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Botvinnik's Complete Games (1943-1956) and Selected Essays (Part 2) (1943-1956)

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Botvinnik's Complete Games (1943-1956) and Selected Essays (Part 2)
Mikhail Botvinnik (from Russian translated by Ken Neat)


Mikhail Botvinnik's 'Analiticheskie i kriticheskie raboty'(Analytical and critical works) was originally published in four volumes in the years 1984 and 1987. The first three volumes covered his best games, and these have been pleasantly published by Moravian Chess (Botvinnik's Best Games Volumes 1, 2 and 3). As Ken Neat writes in his Translator’s
Foreword: The fourth volume contained the author's collected writings, and for the present English publication this material has been divided among three books, of which this are the first and second. These books will also include all Botvinnik's known games (apart from the 381 already published in the Best Games series), with annotations by Botvinnik where available. The resulting six-volume series will therefore present a complete collection of Botvinnik's own game annotations and the best of his chess writings. Botvinnik's own foreword to the fourth Russian volume can be found in the previous book in this series Botvinnik’s Complete Games 1924-1941 and Selected Writings Part 1.
Mikhail Moiseyevich Botvinnik, born August 17, 1911, died May 1, 1995) was a brilliant Soviet and Russian International Grandmaster and three-time World Chess Champion, is widely considered one of the greatest chess players of all time.
Botvinnik’s annotations to the games belong to the absolute top as we can see after move 2 in his game against David Bronstein, World Championship Match game1 Moscow 1951: “1.d4 e6 2.c4 f5: So,the Dutch Defence. And this is no accident. In this match my opponent normally employed those openings that I had usually chosen earlier. He apparently thought that he would force me to fight against my own system. Such a method seems to be rather naive, if it was not forced. It was probably all based on the fact that Bronstein did not have anything significant prepared, and in the given instance this variation is not bad. The results, however, could not be good-I was forced to play openings which I knew quite well; of course, this made things easier for me, if it is taken into account that for three years I have been cut off from chess.”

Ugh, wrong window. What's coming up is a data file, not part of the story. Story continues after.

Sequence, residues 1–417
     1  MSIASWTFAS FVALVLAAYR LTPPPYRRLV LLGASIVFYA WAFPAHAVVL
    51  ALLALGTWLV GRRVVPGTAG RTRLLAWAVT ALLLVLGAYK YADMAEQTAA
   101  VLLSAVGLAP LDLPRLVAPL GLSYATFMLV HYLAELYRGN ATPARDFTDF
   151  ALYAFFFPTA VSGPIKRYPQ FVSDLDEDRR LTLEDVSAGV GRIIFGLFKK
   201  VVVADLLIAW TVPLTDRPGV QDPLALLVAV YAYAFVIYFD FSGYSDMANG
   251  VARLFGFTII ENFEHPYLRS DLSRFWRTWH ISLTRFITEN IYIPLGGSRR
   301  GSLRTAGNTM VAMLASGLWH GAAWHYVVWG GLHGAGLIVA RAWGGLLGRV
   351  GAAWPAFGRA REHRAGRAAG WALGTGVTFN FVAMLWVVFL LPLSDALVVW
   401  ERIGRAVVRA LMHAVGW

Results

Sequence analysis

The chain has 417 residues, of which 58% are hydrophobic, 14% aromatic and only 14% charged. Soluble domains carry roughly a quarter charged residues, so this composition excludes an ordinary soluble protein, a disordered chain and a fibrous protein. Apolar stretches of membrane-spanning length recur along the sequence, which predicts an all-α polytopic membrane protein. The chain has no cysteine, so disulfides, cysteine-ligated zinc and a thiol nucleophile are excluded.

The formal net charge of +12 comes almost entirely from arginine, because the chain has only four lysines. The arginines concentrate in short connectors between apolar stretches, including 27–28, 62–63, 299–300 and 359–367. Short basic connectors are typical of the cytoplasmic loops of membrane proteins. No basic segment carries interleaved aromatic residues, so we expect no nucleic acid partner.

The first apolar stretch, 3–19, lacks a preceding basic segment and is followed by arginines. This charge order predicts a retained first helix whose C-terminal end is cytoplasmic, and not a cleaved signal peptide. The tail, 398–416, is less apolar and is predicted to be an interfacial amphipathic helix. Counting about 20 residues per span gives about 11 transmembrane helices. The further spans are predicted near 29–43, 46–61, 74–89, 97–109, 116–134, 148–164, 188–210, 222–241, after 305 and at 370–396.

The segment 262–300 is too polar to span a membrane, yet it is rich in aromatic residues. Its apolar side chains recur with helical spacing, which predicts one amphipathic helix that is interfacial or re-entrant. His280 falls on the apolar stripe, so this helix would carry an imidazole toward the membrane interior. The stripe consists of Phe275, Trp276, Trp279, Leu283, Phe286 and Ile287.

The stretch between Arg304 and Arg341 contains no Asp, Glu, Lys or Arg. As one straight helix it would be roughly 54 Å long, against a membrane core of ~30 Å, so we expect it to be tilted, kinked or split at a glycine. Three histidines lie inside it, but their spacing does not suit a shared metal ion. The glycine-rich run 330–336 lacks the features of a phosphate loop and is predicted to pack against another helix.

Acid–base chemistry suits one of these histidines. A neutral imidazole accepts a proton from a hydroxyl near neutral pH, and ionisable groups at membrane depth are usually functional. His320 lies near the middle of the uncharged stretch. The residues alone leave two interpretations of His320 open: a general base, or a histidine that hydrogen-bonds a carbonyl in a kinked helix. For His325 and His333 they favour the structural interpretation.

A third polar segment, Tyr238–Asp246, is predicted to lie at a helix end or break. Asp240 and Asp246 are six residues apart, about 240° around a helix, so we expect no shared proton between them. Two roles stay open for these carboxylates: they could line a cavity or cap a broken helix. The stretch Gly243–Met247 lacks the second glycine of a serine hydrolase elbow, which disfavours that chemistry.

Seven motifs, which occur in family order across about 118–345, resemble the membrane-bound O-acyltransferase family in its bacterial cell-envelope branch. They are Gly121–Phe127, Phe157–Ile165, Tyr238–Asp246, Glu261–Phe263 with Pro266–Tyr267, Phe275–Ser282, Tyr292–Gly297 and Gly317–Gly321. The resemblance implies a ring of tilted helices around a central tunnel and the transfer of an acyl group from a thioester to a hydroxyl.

Botvinnik describes in his writings his first match with Smyslov, but my favourite read was the Alekhine – Euwe return match from 1937. Botvinnik writes: “The Alekhine – Euwe return match was the most significant chess event of 1937. Both of these outstanding players were in excellent form, apart from Euwe’s poor play at the finish. Their games provide rewarding material for study. The Alekhine – Euwe return match was more interesting than their first match in 1935. Whereas in the first match Alekhine’s play in a number of games was risky, to put it crudely, in this match he played in his real style, roughly the style he displayed in his 1927 match with Capablanca. True, in this match too he sometimes unjustifiably went in for complications (for example, the 14th game), it seems to me that this is explained by chance factors-however strong player, he may assess a position incorrectly.”
Botvinnik analyses the 22th game of the 1937 match with over 4 pages of text and ends with words: “A tense and difficult game, conducted by Alekhine with exceptional mastery.
Conclusion: One of those must have chess books! (from the review of john Elburg)
Total of 342 games, almost did not published in English chess sources, many of them annotated by Botvinnik, index of opponents and openings, 368 pages.

33.00 EUR

835 CZK

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